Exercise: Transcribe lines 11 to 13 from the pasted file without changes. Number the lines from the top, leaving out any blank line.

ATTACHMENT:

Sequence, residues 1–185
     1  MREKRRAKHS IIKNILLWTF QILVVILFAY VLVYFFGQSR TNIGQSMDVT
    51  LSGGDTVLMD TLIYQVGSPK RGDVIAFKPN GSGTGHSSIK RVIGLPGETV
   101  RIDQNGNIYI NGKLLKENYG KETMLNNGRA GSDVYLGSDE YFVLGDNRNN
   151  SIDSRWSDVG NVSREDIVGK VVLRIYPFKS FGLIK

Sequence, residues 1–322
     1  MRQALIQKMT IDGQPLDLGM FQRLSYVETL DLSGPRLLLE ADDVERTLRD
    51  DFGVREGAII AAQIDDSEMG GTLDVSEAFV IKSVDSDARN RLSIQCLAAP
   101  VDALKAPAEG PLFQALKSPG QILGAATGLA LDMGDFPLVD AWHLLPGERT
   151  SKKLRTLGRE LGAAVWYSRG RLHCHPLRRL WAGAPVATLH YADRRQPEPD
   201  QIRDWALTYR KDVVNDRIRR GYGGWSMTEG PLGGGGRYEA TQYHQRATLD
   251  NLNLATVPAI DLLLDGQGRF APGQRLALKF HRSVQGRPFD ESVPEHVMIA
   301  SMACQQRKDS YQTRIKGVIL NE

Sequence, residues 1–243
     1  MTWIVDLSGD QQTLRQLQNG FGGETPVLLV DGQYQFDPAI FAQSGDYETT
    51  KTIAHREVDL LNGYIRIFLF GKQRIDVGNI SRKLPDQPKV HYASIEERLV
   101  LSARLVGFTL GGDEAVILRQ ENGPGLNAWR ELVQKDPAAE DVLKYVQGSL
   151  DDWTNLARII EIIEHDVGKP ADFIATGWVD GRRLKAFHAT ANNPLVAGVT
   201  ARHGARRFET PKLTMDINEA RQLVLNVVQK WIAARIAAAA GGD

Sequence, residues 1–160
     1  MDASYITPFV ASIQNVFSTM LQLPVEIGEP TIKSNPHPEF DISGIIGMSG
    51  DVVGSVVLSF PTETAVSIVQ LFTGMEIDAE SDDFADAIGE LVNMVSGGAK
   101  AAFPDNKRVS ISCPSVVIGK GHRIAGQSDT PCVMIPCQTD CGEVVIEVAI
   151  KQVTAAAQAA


   201  QIRDWALTYR KDVVNDRIRR GYGGWSMTEG PLGGGGRYEA TQYHQRATLD
   251  NLNLATVPAI DLLLDGQGRF APGQRLALKF HRSVQGRPFD ESVPEHVMIA
   301  SMACQQRKDS YQTRIKGVIL NE